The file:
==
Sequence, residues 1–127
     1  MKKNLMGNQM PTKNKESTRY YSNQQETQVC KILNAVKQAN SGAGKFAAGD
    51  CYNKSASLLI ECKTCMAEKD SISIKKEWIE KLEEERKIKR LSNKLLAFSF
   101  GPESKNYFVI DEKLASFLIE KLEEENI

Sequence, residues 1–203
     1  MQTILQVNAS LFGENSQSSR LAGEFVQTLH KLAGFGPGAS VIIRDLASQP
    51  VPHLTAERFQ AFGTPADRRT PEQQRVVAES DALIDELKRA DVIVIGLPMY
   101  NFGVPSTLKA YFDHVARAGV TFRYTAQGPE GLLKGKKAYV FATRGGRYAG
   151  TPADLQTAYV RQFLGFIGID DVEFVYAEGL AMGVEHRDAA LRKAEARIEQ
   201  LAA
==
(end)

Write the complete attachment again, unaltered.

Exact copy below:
Sequence, residues 1–127
     1  MKKNLMGNQM PTKNKESTRY YSNQQETQVC KILNAVKQAN SGAGKFAAGD
    51  CYNKSASLLI ECKTCMAEKD SISIKKEWIE KLEEERKIKR LSNKLLAFSF
   101  GPESKNYFVI DEKLASFLIE KLEEENI

Sequence, residues 1–203
     1  MQTILQVNAS LFGENSQSSR LAGEFVQTLH KLAGFGPGAS VIIRDLASQP
    51  VPHLTAERFQ AFGTPADRRT PEQQRVVAES DALIDELKRA DVIVIGLPMY
   101  NFGVPSTLKA YFDHVARAGV TFRYTAQGPE GLLKGKKAYV FATRGGRYAG
   151  TPADLQTAYV RQFLGFIGID DVEFVYAEGL AMGVEHRDAA LRKAEARIEQ
   201  LAA